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Week Ahead: 2020 Latest, Looking To South Carolina, White House Shake-Ups46:16
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Supporters of Democratic presidential candidate Sen. Bernie Sanders, I-Vt., cheer as they watch results of the Nevada Cacus during a campaign event in San Antonio, Saturday, Feb. 22, 2020. (AP Photo/Eric Gay)
Supporters of Democratic presidential candidate Sen. Bernie Sanders, I-Vt., cheer as they watch results of the Nevada Cacus during a campaign event in San Antonio, Saturday, Feb. 22, 2020. (AP Photo/Eric Gay)

Candidates take the Nevada results and move on to South Carolina. Plus, post-impeachment shake-ups in the Trump administration. We’ll look at the week ahead in news.

Guests

Major Garrett, chief Washington correspondent for CBS News. (@MajorCBS)

Kimberly Atkins, senior news correspondent for WBUR. (@KimberlyEAtkins)

Jack Beatty, On Point news analyst. (@JackBeattyNPR)

Robert Costa, national political reporter for the Washington Post. Moderator of Washington Week on PBS. (@costareports)

From The Reading List

The New York Times: "How Bernie Sanders Dominated in Nevada" — "They showed up to Desert Pines High School in Tío Bernie T-shirts to caucus on Saturday morning, motivated by the idea of free college tuition, 'Medicare for all' and the man making those promises: a 78-year-old white senator from Vermont. To dozens of mostly working-class Latinos, Bernie Sanders seemed like one of their own, a child of immigrants who understands what it means to be seen as a perpetual outsider.

"For at least one day, in one state, the long-promised political revolution of Mr. Sanders came to vivid life, a multiracial coalition of immigrants, college students, Latina mothers, younger black voters, white liberals and even some moderates who embraced his idea of radical change and lifted him to victory in the Nevada caucuses on Saturday.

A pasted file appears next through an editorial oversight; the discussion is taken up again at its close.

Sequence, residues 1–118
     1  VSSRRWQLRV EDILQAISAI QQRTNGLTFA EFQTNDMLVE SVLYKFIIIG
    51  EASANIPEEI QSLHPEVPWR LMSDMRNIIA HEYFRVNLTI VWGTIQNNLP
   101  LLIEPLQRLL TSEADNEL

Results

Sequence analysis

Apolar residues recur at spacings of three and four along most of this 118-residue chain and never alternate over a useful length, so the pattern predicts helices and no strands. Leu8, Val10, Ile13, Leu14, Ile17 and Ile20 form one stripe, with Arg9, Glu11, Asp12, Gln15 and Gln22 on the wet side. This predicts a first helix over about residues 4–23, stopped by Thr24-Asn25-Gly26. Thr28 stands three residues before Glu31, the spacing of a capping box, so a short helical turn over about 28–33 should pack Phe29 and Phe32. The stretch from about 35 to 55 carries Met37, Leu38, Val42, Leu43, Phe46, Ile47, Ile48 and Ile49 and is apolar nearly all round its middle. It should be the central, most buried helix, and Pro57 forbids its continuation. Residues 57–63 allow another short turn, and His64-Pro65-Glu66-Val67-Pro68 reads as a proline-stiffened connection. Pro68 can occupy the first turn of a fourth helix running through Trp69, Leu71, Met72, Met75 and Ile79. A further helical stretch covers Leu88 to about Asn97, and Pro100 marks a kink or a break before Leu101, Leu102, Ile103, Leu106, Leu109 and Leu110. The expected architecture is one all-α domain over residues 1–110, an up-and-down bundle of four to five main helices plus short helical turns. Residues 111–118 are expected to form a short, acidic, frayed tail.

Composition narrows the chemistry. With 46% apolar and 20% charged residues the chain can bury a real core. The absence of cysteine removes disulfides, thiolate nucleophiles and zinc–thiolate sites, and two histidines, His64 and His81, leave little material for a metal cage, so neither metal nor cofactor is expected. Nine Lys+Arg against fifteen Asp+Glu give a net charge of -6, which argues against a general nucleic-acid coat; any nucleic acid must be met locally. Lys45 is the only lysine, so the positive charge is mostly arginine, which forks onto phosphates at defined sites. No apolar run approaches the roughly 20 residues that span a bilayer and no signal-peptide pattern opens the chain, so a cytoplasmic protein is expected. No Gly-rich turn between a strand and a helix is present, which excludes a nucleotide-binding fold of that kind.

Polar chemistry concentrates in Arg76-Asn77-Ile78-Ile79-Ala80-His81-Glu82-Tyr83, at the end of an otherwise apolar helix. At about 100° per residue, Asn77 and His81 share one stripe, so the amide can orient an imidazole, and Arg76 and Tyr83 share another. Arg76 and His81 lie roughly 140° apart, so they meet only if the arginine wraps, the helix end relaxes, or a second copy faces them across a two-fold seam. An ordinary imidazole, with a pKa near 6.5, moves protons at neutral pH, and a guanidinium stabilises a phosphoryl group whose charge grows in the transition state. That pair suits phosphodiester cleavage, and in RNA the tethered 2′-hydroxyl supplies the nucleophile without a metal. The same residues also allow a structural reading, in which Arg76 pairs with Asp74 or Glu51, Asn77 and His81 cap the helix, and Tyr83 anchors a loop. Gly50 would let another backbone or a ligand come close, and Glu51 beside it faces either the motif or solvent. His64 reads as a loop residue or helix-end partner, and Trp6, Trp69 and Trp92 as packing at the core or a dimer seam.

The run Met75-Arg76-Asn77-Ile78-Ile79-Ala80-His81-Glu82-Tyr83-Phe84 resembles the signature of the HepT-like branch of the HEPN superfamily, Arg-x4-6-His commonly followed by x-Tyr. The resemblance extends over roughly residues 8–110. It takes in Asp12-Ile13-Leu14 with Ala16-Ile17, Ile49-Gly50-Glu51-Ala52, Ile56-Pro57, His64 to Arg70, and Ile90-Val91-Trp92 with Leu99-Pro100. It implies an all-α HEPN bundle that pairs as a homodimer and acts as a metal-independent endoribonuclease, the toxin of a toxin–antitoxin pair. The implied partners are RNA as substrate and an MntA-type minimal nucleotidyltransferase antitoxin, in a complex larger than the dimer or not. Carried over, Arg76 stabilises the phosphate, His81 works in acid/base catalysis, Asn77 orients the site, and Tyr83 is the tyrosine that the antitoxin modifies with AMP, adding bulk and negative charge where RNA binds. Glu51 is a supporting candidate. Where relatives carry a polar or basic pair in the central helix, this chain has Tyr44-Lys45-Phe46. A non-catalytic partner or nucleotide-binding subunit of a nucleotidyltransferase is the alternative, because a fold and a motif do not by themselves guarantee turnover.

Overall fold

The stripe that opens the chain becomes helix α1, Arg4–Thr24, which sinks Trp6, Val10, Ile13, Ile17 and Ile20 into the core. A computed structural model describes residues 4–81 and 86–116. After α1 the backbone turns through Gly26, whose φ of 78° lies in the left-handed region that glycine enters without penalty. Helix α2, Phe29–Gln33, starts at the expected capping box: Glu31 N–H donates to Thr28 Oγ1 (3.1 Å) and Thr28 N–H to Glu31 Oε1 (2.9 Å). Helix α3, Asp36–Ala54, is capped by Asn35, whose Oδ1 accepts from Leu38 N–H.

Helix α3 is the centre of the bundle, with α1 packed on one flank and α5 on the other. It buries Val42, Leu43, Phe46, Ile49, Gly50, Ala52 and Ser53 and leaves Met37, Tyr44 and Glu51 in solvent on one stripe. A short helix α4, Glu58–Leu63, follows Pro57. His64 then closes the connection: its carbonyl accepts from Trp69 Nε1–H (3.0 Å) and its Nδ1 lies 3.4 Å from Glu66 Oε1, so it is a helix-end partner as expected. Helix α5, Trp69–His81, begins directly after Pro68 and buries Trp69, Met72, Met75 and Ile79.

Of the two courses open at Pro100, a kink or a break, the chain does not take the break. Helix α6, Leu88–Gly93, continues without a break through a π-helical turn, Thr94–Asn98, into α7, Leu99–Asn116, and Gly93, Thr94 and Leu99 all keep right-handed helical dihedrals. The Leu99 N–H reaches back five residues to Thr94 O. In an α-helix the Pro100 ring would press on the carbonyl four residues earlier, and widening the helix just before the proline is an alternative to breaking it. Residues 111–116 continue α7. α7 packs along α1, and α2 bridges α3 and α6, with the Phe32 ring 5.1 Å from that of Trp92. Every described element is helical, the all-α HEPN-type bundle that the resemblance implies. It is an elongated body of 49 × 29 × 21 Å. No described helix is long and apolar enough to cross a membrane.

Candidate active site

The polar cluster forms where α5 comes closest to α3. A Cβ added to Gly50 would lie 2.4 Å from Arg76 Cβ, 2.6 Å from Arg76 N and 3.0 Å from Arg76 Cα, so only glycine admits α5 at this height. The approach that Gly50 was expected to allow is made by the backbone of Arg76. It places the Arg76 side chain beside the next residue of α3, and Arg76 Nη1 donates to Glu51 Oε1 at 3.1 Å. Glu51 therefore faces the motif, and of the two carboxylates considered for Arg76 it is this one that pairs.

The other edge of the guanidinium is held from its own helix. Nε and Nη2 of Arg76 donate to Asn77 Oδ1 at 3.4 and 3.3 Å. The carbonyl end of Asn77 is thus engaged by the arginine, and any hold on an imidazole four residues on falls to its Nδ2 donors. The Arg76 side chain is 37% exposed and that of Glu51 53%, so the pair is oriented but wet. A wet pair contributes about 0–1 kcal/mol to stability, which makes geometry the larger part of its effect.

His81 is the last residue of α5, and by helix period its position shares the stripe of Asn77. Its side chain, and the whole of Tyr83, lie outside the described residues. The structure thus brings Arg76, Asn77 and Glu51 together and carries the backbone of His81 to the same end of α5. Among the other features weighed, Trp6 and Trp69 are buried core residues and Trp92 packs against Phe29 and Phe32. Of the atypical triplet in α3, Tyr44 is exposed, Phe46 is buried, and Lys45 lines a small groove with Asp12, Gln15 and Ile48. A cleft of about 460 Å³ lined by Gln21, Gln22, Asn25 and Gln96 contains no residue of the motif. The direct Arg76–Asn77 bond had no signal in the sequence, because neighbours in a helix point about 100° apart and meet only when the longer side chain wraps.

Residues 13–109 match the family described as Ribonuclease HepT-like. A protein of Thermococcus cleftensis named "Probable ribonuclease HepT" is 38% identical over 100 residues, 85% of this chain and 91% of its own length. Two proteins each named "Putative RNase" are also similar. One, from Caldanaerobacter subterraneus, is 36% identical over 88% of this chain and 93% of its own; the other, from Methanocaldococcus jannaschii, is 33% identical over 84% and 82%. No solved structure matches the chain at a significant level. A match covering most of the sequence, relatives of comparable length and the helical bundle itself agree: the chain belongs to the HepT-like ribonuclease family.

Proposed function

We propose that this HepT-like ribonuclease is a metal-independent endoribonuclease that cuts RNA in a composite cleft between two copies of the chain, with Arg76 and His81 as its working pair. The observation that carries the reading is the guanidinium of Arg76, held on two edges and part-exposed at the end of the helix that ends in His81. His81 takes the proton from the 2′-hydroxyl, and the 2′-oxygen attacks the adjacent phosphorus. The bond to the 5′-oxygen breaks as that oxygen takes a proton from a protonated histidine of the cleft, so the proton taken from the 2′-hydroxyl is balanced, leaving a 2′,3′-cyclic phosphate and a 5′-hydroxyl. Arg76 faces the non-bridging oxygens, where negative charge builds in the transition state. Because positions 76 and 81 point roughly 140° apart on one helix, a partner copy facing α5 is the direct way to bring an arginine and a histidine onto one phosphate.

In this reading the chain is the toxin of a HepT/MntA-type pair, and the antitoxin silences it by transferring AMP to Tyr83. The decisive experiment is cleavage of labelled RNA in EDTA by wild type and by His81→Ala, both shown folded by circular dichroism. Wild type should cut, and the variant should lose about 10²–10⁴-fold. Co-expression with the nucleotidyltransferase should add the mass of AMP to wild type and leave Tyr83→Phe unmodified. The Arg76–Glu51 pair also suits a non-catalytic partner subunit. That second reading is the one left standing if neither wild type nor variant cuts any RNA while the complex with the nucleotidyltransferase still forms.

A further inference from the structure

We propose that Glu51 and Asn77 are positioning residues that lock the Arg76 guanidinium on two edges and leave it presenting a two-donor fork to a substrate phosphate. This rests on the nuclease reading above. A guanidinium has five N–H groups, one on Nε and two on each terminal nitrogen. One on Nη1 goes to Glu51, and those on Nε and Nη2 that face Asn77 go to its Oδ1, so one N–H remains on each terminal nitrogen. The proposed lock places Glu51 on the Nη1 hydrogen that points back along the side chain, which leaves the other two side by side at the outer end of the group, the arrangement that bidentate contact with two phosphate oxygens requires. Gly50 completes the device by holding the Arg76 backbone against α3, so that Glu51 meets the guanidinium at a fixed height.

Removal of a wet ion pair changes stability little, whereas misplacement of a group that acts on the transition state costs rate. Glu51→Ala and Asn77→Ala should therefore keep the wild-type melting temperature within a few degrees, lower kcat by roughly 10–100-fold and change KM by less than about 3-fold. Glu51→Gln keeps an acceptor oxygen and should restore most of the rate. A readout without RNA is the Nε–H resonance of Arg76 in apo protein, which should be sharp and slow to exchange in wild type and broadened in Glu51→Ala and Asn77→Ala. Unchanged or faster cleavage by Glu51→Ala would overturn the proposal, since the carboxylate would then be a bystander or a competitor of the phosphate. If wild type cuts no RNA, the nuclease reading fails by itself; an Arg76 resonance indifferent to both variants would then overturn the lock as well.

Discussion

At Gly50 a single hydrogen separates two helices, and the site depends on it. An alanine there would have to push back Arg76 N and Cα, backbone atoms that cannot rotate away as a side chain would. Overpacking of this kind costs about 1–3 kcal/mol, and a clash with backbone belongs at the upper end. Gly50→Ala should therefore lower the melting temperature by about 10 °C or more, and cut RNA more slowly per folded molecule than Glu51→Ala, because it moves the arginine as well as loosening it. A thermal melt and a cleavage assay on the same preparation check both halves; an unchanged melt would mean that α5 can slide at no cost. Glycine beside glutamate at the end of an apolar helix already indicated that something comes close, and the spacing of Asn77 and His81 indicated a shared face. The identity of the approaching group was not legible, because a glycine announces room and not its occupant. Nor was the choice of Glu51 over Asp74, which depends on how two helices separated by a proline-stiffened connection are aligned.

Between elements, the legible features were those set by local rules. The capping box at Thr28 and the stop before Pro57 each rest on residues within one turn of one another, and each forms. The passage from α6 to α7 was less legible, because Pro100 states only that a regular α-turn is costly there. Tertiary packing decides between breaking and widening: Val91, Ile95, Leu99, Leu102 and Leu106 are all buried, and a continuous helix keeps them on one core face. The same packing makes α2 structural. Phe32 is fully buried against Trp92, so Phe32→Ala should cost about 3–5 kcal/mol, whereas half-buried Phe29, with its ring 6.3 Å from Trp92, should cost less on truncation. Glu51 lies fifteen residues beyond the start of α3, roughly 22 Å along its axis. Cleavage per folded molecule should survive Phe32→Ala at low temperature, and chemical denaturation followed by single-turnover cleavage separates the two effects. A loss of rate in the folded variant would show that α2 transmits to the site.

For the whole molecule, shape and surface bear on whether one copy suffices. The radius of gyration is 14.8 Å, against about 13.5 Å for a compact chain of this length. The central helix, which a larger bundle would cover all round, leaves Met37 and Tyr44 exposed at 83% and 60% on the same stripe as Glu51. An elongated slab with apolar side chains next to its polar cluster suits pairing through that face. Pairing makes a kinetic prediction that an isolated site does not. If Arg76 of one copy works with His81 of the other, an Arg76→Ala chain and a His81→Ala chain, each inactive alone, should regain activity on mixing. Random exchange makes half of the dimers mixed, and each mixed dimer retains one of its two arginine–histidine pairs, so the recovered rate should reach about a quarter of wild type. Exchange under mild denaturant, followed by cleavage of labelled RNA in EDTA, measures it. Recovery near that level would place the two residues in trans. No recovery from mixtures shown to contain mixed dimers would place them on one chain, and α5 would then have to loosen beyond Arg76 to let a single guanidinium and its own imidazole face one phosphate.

"By harnessing such a broad cross-section of voters, Mr. Sanders offered a preview of the path that he hopes to take to the Democratic presidential nomination: uniting an array of voting blocs in racially diverse states in the West and the South and in economically strapped parts of the Midwest and the Southwest, all behind the message of social and economic justice that he has preached for years."

The Philadelphia Inquirer: "‘We just barely turned blue’: Bernie Sanders is getting stronger and some Democrats are getting worried." — "From Delaware and Chester Counties to the Lehigh Valley to bedroom communities outside Pittsburgh, and in suburbs of Detroit, Milwaukee, and Washington, Democrats have racked up wins in previously hostile territory, helped by affluent, college educated voters who have recoiled from the president.

"But now, as self-described democratic socialist Sen. Bernie Sanders roars ahead in the presidential primary, winning Nevada’s caucuses Saturday to establish himself as the clear Democratic front-runner, some party officials in Pennsylvania and New Jersey worry that if he becomes the nominee, he could cost them hard-won gains.
Sanders argues his revolutionary zeal can energize previously disengaged voters among the young, people of color, and the white working class.

"But that approach runs counter to the get-things-done messages that helped moderate Democrats such as Chester County’s Chrissy Houlahan and South Jersey’s Andy Kim flip 40 Republican congressional seats in 2018 to take control of the U.S. House. Moderate approaches have also driven wins in state legislative, county commissioner, and even prothonotary races."

This program aired on February 24, 2020.

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